So, in relating this story to you, it occurred to me that perhaps there are other Frankenpens out there that have a unique story and are actually being loved and used. Frankenpen anyone?

 

The pen as it arrived:

post-125189-0-67182600-1574038601_thumb.jpg

 

...and after the glue job and wet-sanding...

post-125189-0-41853500-1574038661_thumb.jpgpost-125189-0-27830000-1574038682_thumb.jpg

Edited by Bristol24
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Edited by Runnin_Ute

Brad

"Words are, of course, the most powerful drug used by mankind" - Rudyard Kipling
"None of us can have as many virtues as the fountain-pen, or half its cussedness; but we can try." - Mark Twain

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Very nice! Frankenpens are fun to create, and use. I have a few.

Edited by Zookie
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Great story of pen rescue! Its a good looking combination.

“I admit it, I'm surprised that fountain pens are a hobby. ... it's a bit like stumbling into a fork convention - when you've used a fork all your life.” 

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Very nice! Frankenpens are fun to create, and use. I have a few.

Thank you. My hope is that others out there have a Frankenpen or two with an interesting story.

 

Great story of pen rescue! Its a good looking combination.

Thank you. Actually, the '61 cap fits the '45 pretty well...sort of an upgrade. I keep thinking of the person who bought the '61 in that auction. They have a Parker 61/45 Frankenpen. Hopefully their '61, which was no doubt "packaged" the same way, made to them in one piece.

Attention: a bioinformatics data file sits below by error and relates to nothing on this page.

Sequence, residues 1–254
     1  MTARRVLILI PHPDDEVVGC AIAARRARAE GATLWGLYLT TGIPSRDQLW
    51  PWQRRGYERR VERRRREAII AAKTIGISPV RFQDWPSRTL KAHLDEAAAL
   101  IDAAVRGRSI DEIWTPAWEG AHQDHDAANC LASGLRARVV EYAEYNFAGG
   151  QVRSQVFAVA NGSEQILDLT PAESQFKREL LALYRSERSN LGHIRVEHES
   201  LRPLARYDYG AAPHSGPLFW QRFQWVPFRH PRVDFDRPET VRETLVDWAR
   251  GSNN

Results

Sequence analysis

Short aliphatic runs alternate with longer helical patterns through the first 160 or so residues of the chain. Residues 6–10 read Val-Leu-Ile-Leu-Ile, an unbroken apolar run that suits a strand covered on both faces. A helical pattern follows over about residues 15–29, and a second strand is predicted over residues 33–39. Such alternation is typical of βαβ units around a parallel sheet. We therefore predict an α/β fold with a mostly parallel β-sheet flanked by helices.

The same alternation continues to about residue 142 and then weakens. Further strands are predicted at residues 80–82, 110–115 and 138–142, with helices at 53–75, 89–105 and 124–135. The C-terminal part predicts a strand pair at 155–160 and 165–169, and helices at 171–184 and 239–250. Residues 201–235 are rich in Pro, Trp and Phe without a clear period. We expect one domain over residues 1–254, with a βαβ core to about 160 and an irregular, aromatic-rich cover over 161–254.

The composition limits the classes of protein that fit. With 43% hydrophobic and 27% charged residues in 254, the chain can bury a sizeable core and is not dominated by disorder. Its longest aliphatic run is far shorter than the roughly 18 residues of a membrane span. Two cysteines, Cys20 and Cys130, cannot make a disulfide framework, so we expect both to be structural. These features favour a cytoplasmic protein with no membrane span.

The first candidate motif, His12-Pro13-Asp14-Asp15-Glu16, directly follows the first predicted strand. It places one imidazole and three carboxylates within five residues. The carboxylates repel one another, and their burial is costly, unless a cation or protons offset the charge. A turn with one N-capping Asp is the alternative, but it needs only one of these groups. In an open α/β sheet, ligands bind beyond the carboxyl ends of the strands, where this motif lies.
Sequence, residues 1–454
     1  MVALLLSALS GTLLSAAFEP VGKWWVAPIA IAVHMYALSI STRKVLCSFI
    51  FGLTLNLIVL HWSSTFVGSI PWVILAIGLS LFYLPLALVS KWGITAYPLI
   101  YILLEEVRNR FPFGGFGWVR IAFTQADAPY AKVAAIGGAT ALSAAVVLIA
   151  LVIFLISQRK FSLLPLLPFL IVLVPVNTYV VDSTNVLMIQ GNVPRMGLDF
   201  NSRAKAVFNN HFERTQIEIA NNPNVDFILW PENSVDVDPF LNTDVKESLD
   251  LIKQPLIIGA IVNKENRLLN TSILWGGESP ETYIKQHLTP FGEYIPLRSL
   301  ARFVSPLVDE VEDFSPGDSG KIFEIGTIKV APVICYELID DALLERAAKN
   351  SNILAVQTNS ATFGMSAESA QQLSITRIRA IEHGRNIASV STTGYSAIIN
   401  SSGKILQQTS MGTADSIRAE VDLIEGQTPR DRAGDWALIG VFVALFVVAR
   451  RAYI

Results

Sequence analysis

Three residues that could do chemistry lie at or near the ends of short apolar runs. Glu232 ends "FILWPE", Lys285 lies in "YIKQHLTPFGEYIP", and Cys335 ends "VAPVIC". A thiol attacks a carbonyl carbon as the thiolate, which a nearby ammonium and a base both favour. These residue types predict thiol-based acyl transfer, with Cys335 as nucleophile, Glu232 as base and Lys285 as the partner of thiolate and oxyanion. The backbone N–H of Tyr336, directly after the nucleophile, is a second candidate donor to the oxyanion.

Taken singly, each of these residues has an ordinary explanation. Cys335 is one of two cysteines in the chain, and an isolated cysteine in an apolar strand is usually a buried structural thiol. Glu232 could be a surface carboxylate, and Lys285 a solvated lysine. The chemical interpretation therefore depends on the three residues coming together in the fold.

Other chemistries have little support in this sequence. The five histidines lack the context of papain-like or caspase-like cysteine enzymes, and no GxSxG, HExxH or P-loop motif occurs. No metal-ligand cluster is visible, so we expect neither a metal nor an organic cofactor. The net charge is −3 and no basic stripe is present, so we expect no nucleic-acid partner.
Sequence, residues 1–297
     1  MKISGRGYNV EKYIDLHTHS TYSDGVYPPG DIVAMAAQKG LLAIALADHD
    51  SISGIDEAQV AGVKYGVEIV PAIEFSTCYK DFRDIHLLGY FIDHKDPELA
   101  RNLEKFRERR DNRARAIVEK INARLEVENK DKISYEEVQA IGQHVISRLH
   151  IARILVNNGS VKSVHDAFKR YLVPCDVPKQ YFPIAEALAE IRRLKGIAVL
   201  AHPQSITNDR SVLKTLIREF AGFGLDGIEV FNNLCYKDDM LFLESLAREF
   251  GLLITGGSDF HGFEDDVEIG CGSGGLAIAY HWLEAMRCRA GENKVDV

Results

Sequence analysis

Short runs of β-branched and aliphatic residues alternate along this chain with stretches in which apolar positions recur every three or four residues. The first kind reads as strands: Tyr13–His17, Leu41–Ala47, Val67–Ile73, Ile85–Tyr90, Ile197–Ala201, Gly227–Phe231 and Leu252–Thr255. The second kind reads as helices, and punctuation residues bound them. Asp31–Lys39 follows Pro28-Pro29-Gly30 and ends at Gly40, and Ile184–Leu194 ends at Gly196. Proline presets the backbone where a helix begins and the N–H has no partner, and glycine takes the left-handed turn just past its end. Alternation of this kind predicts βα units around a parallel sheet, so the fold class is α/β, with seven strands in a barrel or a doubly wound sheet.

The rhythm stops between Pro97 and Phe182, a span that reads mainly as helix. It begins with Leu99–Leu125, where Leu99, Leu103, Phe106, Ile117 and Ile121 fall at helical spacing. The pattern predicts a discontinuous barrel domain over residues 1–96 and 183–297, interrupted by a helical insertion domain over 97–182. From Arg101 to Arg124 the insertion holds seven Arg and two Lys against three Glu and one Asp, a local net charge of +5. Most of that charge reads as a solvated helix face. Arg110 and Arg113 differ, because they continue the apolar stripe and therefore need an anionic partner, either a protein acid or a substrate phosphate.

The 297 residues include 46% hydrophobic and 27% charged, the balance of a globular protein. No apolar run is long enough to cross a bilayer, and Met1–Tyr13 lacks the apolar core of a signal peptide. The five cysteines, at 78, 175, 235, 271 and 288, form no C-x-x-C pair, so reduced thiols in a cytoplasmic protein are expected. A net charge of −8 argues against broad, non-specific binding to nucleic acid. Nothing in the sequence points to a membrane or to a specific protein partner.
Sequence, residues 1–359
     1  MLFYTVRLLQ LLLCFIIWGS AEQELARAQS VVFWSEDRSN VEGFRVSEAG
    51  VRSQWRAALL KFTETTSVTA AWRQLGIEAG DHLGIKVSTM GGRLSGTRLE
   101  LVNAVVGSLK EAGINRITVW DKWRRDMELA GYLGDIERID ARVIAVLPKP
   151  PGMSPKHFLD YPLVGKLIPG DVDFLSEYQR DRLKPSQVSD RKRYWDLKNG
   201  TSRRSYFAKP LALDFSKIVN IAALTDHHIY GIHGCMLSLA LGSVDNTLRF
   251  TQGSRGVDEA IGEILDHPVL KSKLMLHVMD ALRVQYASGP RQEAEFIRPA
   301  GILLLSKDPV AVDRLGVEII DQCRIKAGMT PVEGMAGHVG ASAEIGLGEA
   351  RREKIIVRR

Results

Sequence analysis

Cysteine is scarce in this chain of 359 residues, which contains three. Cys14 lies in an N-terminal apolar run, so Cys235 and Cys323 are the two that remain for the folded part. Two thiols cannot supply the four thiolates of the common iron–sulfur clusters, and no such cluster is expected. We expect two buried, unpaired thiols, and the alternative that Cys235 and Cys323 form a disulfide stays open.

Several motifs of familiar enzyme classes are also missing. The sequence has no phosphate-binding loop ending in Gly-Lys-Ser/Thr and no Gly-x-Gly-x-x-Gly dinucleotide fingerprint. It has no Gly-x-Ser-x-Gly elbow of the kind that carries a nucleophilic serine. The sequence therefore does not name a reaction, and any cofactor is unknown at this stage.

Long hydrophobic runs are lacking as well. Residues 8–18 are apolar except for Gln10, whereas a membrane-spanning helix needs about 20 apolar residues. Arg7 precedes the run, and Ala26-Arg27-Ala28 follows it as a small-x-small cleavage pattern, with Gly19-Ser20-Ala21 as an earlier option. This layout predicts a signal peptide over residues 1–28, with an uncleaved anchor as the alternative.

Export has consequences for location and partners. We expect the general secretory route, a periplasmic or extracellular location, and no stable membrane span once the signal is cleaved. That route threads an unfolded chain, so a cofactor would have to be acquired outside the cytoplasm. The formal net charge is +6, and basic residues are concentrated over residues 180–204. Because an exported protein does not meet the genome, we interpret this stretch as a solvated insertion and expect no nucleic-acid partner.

Cliff

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I accidentally broke an eversharp skyline in half the other day. I carefully filed a notch around the inside edge for extra surface area and used JB weld to adhere it back together (the crack was right through the threads) Pen works great and is rock solid again.

 

As for pens stuck together from bits - I'm currently in love with a FPR himalaya in brown ebonite that I put the feed from another junk eversharp skyline into along with the steel XXF semiflex nib from a pelikan C100. it writes ungodly well. I've had it inked for like two months now and just can't seem to put it down. It made me fall in love with that pen so hard I just bought another in acrylic and the #6 version in green ebonite.

 

And I also decided to find a replacement nib for my opus 88 since I didn't want the broad - I found that the TWSBI 580 nib fits PERFECTLY, in addition to being much wider, looks more "fitting" on the pen than the skinny little factory JoWo they come with.

 

fpn_1573380820__20191110_004813.jpg

Edited by Honeybadgers

Selling a boatload of restored, fairly rare, vintage Japanese gold nib pens, click here to see (more added as I finish restoring them)

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Another person in FPR Himalaya fan club. It's such a nice pen! I prefer the ebonite versions for warmth and tactility/grip; also prefer the #5.5 nib size for precision. I generally prefer smaller nibs.

“I admit it, I'm surprised that fountain pens are a hobby. ... it's a bit like stumbling into a fork convention - when you've used a fork all your life.”